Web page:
Now many of you will know that resolving your own software bugs is a tricky business. Helping someone else resolve their software bugs is altogether another thing.

Firstly, you are most probably very busy with your own work. Secondly, even though it’s likely you have similar skills you probably aren’t familiar with the specific business logic or requirement. Thirdly, there is the matter of sustainability; do you catch them the fish or show them how to make their own rod (see RTFM).

What we observed during that Y2K project was the software dummy effect. It’s just human nature to ask someone else for help rather than picking up the manual and working it out yourself. And frankly the manual is often no use when you have a team of similarly experienced programmers and it’s a bug and not a matter of technique.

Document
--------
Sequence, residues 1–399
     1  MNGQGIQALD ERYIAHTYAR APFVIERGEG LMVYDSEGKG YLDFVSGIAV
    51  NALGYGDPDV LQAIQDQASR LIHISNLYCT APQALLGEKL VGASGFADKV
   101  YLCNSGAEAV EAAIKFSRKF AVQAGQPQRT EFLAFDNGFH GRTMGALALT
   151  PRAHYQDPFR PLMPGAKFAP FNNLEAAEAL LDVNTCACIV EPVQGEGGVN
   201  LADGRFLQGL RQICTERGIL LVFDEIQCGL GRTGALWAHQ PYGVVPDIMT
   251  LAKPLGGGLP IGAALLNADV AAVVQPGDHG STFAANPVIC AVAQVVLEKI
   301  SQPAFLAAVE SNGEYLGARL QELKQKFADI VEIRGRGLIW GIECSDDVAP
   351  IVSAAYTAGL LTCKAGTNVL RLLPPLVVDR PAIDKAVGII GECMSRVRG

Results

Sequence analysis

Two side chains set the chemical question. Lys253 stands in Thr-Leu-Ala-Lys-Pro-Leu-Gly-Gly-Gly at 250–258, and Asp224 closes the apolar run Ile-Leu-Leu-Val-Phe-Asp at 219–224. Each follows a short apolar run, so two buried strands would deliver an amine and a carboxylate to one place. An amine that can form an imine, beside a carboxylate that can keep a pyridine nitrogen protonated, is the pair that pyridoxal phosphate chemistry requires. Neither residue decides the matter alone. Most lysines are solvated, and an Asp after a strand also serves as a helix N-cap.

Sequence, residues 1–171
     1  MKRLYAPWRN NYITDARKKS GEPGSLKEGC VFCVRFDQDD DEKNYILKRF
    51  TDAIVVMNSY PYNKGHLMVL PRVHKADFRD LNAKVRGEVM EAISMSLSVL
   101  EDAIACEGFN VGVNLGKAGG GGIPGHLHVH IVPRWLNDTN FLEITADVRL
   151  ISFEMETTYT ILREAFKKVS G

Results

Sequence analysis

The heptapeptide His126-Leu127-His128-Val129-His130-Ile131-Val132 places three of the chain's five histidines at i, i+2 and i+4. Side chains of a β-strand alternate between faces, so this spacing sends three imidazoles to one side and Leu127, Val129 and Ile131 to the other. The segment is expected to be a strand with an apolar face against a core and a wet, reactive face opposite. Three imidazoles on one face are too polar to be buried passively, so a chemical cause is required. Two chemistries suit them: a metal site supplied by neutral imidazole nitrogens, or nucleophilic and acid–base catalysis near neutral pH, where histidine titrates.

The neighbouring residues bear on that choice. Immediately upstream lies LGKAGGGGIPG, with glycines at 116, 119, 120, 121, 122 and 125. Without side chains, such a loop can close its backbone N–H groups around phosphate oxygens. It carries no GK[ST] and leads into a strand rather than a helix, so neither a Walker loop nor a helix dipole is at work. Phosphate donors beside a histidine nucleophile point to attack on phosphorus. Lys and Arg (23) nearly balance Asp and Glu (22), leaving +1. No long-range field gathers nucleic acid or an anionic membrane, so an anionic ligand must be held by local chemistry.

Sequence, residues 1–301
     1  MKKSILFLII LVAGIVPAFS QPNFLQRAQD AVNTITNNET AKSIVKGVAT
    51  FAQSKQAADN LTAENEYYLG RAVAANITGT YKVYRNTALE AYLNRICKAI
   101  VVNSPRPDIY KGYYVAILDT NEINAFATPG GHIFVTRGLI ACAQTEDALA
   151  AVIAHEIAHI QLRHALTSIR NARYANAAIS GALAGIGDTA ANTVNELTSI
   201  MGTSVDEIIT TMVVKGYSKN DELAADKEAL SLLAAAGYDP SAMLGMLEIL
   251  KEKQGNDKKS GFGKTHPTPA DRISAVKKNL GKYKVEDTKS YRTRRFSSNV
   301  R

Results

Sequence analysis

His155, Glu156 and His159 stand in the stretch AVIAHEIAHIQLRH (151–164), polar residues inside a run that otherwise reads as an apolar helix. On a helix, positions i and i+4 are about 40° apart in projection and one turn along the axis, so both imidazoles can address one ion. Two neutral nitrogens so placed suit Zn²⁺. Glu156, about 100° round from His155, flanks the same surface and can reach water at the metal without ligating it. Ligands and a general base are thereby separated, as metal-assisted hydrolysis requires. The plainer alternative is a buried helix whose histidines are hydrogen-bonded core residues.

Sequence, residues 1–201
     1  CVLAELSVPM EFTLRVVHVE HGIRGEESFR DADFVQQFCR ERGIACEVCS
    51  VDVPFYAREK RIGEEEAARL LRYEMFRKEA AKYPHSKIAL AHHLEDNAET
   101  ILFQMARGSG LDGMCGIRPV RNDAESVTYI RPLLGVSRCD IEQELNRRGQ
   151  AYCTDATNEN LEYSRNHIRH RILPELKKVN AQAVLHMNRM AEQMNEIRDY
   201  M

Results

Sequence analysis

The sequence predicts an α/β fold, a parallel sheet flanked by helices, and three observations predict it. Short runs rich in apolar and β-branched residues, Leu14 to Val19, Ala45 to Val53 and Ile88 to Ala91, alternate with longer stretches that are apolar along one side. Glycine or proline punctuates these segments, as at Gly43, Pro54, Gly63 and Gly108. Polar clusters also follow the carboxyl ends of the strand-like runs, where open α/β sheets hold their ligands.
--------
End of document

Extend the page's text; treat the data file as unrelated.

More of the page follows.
So what tended to happen is the software dummy would acknowledge the petitioner (the frustrated coder with the software bug) but continue to focus on the monitor in front of them. The coder would continue describing the bug in detail, relaying the events and conditions that have led to the current impasse. The software dummy might occasionally ask a question but usually it was enough to make appropriate noises giving the impression that we were actually listening to the problem description. Invariably we were not. We were trying to hold onto the thread of what we were immersed in.

However, in most cases the coder would have a eureka moment and exclaim “that’s it, I haven’t initialised the host variables for the …” or some other mind numbingly boring detail and return to their desk, grateful for the assistance.

We discussed this as a team and quickly realised we were all guilty of not really listening. However the results spoke for themselves. Clearly the coder with the bug was working out the problem through the process of describing it to someone else. The software dummy was born.